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Polychronic Actants: Modern Promptbooks as Anticipated Acts, Unanticipated Acts, and Ideal Assemblages

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posted on 2023-10-12, 14:34 authored by Mark Kaethler, Toby MaloneToby Malone, Jennifer Roberts-Smith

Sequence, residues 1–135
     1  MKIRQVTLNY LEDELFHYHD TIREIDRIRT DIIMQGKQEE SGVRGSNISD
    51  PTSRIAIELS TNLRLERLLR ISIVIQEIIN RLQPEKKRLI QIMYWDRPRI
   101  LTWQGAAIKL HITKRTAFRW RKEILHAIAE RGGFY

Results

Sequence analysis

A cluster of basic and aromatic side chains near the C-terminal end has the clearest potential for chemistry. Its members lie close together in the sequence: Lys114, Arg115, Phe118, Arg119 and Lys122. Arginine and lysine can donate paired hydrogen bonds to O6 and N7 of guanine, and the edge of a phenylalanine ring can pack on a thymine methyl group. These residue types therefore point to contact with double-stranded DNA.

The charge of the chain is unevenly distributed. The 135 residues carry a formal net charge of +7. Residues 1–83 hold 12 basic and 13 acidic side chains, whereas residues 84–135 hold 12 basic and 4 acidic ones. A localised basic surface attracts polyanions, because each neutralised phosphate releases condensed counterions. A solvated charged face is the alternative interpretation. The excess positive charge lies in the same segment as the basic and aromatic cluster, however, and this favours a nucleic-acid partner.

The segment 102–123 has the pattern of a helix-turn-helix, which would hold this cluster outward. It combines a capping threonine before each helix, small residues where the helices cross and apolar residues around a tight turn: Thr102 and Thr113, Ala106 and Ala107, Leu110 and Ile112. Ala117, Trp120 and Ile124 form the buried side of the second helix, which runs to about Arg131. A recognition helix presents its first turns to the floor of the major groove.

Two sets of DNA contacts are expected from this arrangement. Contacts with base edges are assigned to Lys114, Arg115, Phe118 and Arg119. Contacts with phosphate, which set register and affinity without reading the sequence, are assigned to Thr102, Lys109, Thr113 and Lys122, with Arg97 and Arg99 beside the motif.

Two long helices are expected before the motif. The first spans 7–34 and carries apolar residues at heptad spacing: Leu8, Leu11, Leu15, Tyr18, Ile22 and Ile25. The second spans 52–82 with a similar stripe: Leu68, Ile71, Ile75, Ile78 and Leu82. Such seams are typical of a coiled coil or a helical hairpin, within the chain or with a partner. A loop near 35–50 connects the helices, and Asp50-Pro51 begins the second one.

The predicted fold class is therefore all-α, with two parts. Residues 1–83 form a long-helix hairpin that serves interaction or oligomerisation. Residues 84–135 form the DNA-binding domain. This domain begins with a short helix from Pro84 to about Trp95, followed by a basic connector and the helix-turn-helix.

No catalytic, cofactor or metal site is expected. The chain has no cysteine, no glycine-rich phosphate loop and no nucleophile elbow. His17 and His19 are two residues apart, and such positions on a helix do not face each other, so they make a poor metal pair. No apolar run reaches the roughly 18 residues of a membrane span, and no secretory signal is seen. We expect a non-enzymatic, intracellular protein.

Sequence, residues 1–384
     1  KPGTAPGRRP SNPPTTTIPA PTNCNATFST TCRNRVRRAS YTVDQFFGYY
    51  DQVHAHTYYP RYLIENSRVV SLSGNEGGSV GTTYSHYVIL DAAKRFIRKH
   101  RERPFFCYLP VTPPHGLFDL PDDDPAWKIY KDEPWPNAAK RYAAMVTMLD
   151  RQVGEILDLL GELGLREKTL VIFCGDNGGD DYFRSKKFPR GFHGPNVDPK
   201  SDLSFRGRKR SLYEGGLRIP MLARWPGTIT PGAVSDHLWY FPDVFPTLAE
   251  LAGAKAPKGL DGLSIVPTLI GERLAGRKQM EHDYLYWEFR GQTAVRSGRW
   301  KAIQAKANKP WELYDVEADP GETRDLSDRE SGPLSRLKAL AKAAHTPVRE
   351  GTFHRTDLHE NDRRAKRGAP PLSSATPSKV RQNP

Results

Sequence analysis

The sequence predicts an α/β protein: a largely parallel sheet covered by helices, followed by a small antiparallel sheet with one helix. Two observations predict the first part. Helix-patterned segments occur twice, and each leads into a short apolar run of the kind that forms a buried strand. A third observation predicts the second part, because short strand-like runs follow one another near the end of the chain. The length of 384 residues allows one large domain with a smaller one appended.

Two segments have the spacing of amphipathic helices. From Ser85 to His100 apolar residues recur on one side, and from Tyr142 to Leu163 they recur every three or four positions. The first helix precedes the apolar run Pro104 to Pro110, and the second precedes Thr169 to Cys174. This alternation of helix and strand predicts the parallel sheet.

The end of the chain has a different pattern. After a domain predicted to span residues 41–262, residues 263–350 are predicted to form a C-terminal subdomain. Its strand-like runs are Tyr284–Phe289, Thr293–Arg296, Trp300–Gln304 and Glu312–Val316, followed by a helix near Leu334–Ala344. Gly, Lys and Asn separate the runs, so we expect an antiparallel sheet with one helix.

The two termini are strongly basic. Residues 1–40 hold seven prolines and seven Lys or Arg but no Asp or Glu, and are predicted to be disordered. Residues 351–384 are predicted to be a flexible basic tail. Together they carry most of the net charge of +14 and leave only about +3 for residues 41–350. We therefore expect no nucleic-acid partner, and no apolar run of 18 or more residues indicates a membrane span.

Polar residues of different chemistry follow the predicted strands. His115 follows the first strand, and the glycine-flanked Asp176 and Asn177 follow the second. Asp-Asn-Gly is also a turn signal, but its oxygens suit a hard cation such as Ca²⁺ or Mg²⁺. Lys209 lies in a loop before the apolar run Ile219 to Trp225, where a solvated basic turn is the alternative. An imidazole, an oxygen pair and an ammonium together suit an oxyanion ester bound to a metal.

Modern Shakespeare promptbooks do not fit comfortably into any of the conceptual models current in discourses around the role of text in performance. Promptbooks operate as cue lists; records of unexpected acts; and records of or efforts to approximate ideal enactments. While promptbooks are not necessarily limited to these three temporalities, their encapsulation of all three points to their polychronic resistance to a straightforward and easily codified archival record of performance. This article presents a new theoretical model of promptbooks as temporal actants that are neither text nor performance in the ways currently understood in textual studies. The promptbook is more usefully conceived of as an actant within different theatrical networks at different times in production processes. To make this claim, the authors first revisit previous criticism on as well as misunderstandings of the purposes of Shakespearean promptbooks before theorising how a promptbook operates in relation to the larger event that is a theatrical performance. The article uses the 2005 promptbook of The Tempest from the Canadian Stratford Festival Archives as a case study to illustrate the ways in which promptbooks initiate the three kinds of temporal action the authors theorise: anticipated acts, unanticipated acts, and idealised polychronic assemblages.

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